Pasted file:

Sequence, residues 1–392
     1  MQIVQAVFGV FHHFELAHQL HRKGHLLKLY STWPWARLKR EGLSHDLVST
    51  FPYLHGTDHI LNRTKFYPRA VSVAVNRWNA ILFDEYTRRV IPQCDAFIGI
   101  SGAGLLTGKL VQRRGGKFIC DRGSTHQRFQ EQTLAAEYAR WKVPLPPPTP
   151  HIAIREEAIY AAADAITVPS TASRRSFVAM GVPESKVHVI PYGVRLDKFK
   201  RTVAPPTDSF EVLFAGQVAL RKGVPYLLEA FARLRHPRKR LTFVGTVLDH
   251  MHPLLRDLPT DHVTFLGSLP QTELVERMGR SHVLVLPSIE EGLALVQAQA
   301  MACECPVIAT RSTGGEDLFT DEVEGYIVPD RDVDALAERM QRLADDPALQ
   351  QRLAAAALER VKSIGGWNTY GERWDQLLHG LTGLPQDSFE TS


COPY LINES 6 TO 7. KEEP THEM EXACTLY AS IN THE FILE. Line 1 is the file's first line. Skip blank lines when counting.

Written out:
   201  RTVAPPTDSF EVLFAGQVAL RKGVPYLLEA FARLRHPRKR LTFVGTVLDH
   251  MHPLLRDLPT DHVTFLGSLP QTELVERMGR SHVLVLPSIE EGLALVQAQA